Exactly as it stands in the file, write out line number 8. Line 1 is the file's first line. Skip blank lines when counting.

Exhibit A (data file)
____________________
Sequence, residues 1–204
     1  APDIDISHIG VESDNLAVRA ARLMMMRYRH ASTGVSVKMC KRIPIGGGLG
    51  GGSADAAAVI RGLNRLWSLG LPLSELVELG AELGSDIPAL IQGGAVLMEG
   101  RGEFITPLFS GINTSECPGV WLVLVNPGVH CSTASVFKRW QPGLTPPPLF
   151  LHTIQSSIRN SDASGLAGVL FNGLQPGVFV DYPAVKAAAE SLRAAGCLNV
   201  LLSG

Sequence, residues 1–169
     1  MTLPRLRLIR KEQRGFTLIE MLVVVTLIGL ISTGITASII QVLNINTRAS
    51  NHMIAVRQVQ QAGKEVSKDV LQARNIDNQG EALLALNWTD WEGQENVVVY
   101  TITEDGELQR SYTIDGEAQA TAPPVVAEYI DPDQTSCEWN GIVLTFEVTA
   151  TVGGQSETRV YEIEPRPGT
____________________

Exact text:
     1  MTLPRLRLIR KEQRGFTLIE MLVVVTLIGL ISTGITASII QVLNINTRAS